Do people in U.K. trust the COVID vaccines?

Yes, a very high percentage of U.K. people trust the COVID-19 vaccines.

A recent report in BBC says that U.K. is the most trusting nation with regards to COVID-19 vaccines.

The survey found that 87% of survey respondents in U.K. had faith in the COVID jab.

This survey involved more than 68,000 people and hence the results are highly reliable.

This high level of faith is certainly helping the U.K. Government as it rolls out vaccines for most of adult population.

The U.K. Government, in particular, the “Public Health England” deserves credit for keeping the U.K. people well informed.

References :

BBC News. UK ‘most trusting’ country on Covid vaccines

BBC News. Covid-19: More than half of UK adults have had second jab. By Dulcie Lee

NATURE Journal. News.
Trust in COVID vaccines is growing. 10 February 2021

Disclaimer: Please note- This blog is NOT medical advice. This blog is NOT a expert medical opinion on various topics. This blog is purely for information only and do check the sources where cited. Please DO consult your own doctor to discuss concerns and options relevant to you. The views expressed in this blog represent the author’s views held at the time of drafting the blog and may change overtime, particularly when new evidence comes to light. The blog is not previewed, commissioned or otherwise endorsed by any organisation that the author is associated with. The views expressed in this blog are not, in way whatsoever, intended to be a substitute for professional advice.

Hope and incurable Cancer: does hope torment or does it help to cope?

A diagnosis of incurable and advanced cancer is often a massive shock to everyone.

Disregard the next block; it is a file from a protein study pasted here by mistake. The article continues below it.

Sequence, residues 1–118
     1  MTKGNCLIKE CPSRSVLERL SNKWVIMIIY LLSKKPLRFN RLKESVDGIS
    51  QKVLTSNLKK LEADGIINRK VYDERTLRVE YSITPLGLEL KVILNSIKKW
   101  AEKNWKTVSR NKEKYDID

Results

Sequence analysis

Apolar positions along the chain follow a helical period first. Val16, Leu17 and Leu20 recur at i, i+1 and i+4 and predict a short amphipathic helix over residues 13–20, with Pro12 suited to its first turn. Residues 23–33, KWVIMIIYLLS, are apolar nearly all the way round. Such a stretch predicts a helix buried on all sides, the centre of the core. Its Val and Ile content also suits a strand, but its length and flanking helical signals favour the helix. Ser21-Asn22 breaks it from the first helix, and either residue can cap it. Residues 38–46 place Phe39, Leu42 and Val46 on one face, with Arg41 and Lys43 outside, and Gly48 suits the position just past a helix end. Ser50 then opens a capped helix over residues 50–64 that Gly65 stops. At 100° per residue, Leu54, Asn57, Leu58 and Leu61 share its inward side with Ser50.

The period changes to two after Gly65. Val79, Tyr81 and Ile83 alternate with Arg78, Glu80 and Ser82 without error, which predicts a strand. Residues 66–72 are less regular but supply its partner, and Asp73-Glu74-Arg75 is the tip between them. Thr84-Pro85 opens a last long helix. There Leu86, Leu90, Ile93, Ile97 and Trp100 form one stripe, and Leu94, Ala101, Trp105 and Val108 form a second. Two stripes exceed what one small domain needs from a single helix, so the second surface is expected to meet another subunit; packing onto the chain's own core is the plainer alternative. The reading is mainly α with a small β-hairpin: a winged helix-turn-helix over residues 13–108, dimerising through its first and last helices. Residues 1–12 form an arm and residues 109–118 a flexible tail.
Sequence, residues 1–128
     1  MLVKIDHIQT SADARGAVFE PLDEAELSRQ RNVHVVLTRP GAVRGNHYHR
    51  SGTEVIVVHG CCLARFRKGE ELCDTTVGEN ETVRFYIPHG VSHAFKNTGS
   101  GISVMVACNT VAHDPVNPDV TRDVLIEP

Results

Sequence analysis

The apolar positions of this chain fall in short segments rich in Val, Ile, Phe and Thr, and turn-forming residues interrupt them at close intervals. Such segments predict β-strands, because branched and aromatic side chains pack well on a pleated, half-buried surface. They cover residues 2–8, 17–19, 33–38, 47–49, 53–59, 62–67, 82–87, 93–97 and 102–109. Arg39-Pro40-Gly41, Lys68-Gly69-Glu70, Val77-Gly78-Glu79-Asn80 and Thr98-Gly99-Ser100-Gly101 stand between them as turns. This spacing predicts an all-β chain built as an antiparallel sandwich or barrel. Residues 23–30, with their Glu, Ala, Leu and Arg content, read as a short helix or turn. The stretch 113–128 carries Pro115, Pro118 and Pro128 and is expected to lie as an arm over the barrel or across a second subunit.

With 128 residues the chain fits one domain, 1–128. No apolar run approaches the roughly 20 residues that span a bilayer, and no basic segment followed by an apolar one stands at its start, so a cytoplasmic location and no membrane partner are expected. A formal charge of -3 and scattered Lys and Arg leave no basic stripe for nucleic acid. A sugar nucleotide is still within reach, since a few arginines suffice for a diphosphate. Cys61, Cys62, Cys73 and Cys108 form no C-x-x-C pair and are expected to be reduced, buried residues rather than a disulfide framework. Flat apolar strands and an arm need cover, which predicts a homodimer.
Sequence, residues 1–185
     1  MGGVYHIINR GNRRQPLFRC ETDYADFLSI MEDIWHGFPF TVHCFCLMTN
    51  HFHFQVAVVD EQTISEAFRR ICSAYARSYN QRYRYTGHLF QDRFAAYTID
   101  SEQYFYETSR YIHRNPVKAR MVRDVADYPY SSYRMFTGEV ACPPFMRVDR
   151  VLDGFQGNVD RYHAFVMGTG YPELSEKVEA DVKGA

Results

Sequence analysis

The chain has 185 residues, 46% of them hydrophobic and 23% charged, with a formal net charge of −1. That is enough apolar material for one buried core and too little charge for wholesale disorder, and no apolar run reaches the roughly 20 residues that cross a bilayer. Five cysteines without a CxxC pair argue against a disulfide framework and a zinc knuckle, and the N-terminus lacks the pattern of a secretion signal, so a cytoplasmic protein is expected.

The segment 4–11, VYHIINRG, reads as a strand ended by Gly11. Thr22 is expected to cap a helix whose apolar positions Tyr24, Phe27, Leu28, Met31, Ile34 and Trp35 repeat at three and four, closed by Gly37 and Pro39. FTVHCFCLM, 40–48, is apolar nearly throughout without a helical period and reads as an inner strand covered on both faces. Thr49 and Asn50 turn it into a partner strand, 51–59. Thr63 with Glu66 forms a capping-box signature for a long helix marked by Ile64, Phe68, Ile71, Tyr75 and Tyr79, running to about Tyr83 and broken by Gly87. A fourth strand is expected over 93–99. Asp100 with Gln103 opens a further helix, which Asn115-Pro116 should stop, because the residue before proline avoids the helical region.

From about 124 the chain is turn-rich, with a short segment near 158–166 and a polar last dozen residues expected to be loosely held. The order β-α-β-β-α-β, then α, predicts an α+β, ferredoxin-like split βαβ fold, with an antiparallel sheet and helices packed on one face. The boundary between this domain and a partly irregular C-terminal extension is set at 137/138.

Should we ask them to face reality , accept death and extinguish all hope.

Or should we be offering hope of living a bit longer with treatments while being honest with prognosis.

Hope can be tormenting to some.

Hope can be comforting to some.

What are you views?

Contribute your views at online rapid response @BMJ journal

Don’t torment me with hope. BMJ 2020; 370 doi: https://doi.org/10.1136/bmj.m3016 (Published 09 September 2020)Cite this as: BMJ 2020;370:m3016

In defence of Hope: https://www.bmj.com/content/370/bmj.m3016/rr-3

Can you catch Coronavirus infection from Soft drink cans, Sandwich wrapper and Amazon Parcels?

Yes. Possible but chances are very small according to reports.

If someone sneezed or coughed near a parcel or food package and you touch it within a few hours, it is possible to get Coronavirus infection from parcels and packages.

But, in practice, most parcels and food packaging seem safe and no conclusive real world evidence has been published so far to indicate that packages spread infection widely.

In experimental conditions, Coronavirus has been shown to survive for upto 72 hours. The virus is “more stable on plastic and stainless steel than on copper and cardboard”.

In laboratory conditions “On copper, no viable SARS-CoV-2 virus was measured after 4 hours . On cardboard, no viable SARS-CoV-2 virus was measured after 24 hours”.